Previously, I shared how invaluable a family tree is in a heritage scrapbook album.
I hope you’ll include them in your future family history creations. One of my friends says she includes family trees in all of her journals, blog books (printed versions of her personal blog), and more. Why?
In case her journals or books are ever ‘lost’ from the collection. A person reading the book can quickly know just who created these items in the first place.
That habit reminded me of something I talk about in my book Family History Scrapbooking Simplified. When creating a scrapbook about a focal person, it pays to use small family trees throughout the project.
They help your scrapbook reader quickly associate the person on the particular scrapbook page to others in the book. Take a look.
I like including mini-trees throughout my family history projects. This mini-family tree includes my grandmother Louise Eleanor Long. It shows the names and dates of her parents and sister. I also love the metal bookplate and green brads embellishment that shares when the family was established.
Now, you’re probably thinking, “Let me see the big picture because this doesn’t look like much.” Alright, here it is.
Now you can see the mini-tree pulling its weight. This digital scrapbook page features my mother’s Grandpa Howard Lester Long. I included a photo of him and his wife when they were young adults. I included a photo of when Harry was older and looked more like the man who raised Louise.
I included a brief biographical sketch of Harry in the journaling space. With the mini-tree, I have shown pertinent vital information in an eye-pleasing way.
On the pages before this page, I featured the husband and wife combination of Lewis Brown and Louise Long and two pages featuring Lewis’ parents (see next page).
Once my reader lands on the page above, they can quickly see that I’m not talking about the Brown family any longer. I’m talking about Louise’s Long family. Pretty effective.
This family has more children, so the mini-tree takes up more space on the page layout. I decided not to include embellishments on this mini-tree and leave off the family establishment date. This gave me enough room to include middle names for the children, but not the parents. Here is the mini-tree in action.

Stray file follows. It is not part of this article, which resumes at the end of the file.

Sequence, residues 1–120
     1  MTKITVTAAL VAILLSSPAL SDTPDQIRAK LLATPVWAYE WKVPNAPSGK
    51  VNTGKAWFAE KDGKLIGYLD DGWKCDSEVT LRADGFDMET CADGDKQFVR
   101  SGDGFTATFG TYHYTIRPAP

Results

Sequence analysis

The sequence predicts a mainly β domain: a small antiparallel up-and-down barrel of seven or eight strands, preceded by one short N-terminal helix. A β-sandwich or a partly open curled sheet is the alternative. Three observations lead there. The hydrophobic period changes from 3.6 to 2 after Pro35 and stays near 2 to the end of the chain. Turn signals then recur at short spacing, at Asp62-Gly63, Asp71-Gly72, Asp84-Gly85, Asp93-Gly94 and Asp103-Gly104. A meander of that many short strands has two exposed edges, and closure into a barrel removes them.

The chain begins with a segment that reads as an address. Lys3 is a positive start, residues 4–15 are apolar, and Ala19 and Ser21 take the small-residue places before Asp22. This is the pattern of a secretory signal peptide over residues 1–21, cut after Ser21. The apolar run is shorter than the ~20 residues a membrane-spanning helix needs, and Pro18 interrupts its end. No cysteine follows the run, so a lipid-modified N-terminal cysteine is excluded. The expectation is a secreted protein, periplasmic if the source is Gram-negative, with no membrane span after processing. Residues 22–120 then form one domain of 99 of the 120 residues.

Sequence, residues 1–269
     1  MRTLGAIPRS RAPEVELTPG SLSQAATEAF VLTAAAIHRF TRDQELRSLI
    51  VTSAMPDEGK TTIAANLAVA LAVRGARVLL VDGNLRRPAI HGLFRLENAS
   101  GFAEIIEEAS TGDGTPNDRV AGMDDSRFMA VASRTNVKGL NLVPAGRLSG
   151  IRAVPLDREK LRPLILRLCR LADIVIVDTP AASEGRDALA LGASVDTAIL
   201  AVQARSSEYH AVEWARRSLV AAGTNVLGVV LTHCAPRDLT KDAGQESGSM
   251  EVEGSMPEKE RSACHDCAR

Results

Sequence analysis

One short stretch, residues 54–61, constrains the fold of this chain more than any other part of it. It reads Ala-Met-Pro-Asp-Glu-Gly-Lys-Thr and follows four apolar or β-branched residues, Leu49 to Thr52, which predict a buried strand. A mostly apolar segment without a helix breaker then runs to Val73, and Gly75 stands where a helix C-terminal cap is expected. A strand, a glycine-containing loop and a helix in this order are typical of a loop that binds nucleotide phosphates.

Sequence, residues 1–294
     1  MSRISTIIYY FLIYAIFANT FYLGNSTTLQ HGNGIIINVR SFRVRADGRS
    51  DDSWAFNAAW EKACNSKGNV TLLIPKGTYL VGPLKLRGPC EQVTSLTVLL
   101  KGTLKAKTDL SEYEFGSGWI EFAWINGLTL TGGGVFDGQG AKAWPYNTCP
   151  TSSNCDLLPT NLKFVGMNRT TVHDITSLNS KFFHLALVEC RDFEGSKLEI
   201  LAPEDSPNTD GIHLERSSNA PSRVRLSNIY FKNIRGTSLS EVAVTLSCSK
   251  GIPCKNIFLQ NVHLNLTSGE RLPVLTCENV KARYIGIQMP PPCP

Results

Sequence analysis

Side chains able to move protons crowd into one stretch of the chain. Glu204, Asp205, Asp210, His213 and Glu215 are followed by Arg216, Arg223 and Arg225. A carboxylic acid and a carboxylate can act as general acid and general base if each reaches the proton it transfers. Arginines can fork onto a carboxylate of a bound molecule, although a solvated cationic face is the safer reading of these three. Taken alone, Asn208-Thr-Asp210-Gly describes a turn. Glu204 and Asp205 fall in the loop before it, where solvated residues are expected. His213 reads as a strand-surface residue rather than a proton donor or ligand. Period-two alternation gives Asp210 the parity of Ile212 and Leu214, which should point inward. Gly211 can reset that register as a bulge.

As you can see, the mini-tree is larger than the previous one. To balance out this visual block, I included only one photo of Sherman Lewis Brown. I still have a brief biographical sketch of Grandpa Sherman in the journaling block.
The other thing I did was to highlight Lewis Sherman Brown in the descendant list. I wanted to assist my reader in knowing how this page relates to the previous ones in the heritage album.
This page is sandwiched between a two-page layout featuring Lewis and Louise Brown (my mother’s parents) and another two-page layout featuring Harry and Lura Long (my mother’s maternal grandparents, the first layout in this post).
By highlighting Lewis Sherman on Sherman Lewis’ page, you can see the progression ‘up’ the family tree quickly.
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I noticed that with larger numbers of children, the highlighting is easily seen. Whereas on Louise’s family tree, with two children, the highlighting didn’t stand out as much. Perhaps I could have used different colors. Or perhaps, with more children, the contrast color looks intentional.
As I was posting this, I realized I needed to update the box for Grannie Louise to reflect her death date. I’ll put that on my to-do list, but an archival-safe pen will do the trick for now in the printed album
As you can see, mini-trees are effective tools to help your reader quickly know who is related to whom. Try it out on your next scrapbook page. Share a link to your post or gallery where you used this technique in the comments below.
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